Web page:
Stellantis signals potential UK production halt due to tough EV mandates. Maria Grazia Davino, Stellantis’s head, voices concerns over the 2035 petrol and diesel ban, hinting a decision on plants in Luton and Ellesmere Port could come within a year. Stellantis is the parent company of Vauxhall, Citroën, Peugeot, Fiat, Jeep, Alfa Romeo and Maserati.

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The UK Government’s 2035 goal to ban sales of new petrol and diesel cars could be grounds for Stellantis, as well as other OEMs, to cease local production 

In a crucial development for the UK’s automotive industry, Stellantis, parent company of Vauxhall, Citroën, and Peugeot, has issued a stark warning: UK production might cease unless the government ramps up efforts to boost electric vehicle (EV) demand. Maria Grazia Davino, the head of Stellantis, which also owns Fiat, Jeep, and Alfa Romeo, voiced concerns over the UK’s mandate banning the sale of new petrol and diesel cars by 2035. “Stellantis UK does not stop, but Stellantis production in the UK could stop,” she declared at an industry conference.

Davino hinted that a decision regarding the fate of Stellantis’s plants in Luton and Ellesmere Port near Liverpool could be made within “less than a year.” Stellantis’s portfolio includes other well-known brands such as Chrysler, Dodge, Maserati, and Opel, making this potential halt a significant issue for the UK automotive sector. The UK government initially aimed to ban sales of new petrol and diesel cars by 2030, but extended the deadline to 2035 to allow consumers more time to transition to EVs. The Prime Minister explained the delay, citing the “upfront cost” of EVs as still too prohibitive for many consumers.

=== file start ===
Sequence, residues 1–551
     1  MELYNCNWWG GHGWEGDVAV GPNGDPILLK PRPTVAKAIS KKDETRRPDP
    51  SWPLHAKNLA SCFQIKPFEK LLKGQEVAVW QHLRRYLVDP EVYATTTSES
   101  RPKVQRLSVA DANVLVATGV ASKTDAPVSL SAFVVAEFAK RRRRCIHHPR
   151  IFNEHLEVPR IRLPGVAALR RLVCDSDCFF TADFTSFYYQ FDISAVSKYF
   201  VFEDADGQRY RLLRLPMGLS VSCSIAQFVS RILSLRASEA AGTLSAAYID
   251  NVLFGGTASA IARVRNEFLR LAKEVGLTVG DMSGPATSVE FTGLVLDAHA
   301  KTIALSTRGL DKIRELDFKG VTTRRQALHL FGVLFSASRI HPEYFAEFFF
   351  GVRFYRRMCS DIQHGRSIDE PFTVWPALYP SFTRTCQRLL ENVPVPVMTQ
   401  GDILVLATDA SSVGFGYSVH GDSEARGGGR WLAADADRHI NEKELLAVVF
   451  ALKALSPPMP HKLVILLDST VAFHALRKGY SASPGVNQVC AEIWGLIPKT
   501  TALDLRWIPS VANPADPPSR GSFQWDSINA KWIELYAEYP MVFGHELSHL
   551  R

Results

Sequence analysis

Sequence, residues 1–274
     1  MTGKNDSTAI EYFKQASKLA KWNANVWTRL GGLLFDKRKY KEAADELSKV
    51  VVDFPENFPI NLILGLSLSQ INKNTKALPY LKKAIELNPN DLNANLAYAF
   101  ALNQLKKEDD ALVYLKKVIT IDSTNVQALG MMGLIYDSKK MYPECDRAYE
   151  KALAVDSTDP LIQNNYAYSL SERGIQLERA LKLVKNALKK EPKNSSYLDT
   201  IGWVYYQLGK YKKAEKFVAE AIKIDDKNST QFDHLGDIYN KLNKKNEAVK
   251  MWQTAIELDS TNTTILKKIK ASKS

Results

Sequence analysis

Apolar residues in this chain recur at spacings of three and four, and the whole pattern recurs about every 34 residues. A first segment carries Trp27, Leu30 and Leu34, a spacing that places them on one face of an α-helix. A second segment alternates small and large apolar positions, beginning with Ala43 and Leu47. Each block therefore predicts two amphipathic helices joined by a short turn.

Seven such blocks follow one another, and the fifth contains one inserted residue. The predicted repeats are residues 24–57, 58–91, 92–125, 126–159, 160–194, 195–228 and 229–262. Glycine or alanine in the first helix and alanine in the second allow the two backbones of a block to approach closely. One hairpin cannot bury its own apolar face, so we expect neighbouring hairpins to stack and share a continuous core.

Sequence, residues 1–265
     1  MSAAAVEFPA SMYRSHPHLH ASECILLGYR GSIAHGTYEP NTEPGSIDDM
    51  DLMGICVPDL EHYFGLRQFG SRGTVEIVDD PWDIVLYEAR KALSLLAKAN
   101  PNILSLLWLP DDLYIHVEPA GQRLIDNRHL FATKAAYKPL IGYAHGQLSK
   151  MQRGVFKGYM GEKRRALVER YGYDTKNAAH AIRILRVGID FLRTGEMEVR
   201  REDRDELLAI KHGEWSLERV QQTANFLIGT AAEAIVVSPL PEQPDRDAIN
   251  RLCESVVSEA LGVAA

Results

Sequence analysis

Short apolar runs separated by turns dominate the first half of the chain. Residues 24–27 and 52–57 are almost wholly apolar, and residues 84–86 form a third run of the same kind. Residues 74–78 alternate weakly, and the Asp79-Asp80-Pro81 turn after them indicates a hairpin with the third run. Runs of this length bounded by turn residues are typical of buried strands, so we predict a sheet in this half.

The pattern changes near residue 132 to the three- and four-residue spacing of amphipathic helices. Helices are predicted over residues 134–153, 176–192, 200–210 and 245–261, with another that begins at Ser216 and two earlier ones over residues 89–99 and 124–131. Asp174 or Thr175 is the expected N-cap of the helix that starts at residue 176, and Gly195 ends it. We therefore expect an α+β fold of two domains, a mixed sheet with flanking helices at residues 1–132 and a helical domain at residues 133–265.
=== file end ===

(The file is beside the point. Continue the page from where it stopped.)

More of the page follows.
Despite these regulatory changes, Stellantis, which produces electric vans at Ellesmere port, has plans in place to begin EV production at its Luton plant in 2025. Ms. Davino brought attention to the company’s substantial investments in these sites, saying, “we have undertaken big investments in Ellesmere Port and in Luton, with more to come. “But if this market becomes hostile to us, we will enter an evaluation for producing elsewhere.”

The announcement, once again highlights the ongoing friction between car manufacturers and the government over the accelerated push towards electric vehicles, amidst waning demand. The rise of inexpensive Chinese EVs has exacerbated manufacturers’ concerns about profitability in a sluggish market. Ms. Davino elaborated, “It means that you have to increase discounts to push the market that isn’t there. And this has a number of consequences for the business case.”

Anti-China OEM protectionist EU tariffs to come into force

The European Commission (EC) also recently announced significant new tariffs on Chinese electric vehicles (EVs), following preliminary results from its anti-subsidy investigation. The investigation found that Chinese state support is artificially lowering the prices of these vehicles, prompting the EC to take action to protect the European market.

Beginning next week (from July 4), additional tariffs will be imposed, varying by manufacturer. BYD will face a tariff of 17.4%, Geely 20%, and SAIC a steep 38.1%. Tesla, while not a Chinese manufacturer, might also receive an individually calculated duty rate when the final tariffs are determined.

The decision comes in response to findings that Chinese vehicle manufacturers have been “dumping” cheap EVs into the European market, which is already facing challenges. This practice threatens the competitiveness of local producers and the overall stability of the market. In anticipation of such regulatory actions, Chinese companies are currently strategising to maintain their foothold in Europe. BYD, for instance, plans to open a manufacturing plant in Hungary within the next 3-4 years. Other Chinese automakers like Chery and MG are expected to follow suit, establishing local production to mitigate the impact of the tariffs.

The EC’s policy manoeuvre is yet another that underscores the increasing tension between competing interests, namely, Europe and China over trade practices, particularly in the rapidly growing EV sector. The tariffs aim to level the playing field for European manufacturers and ensure fair competition in the market.

The automotive sector will be closely watching the UK government’s next moves in this high-stakes situation, as the implications for the industry and the broader economy could be substantial.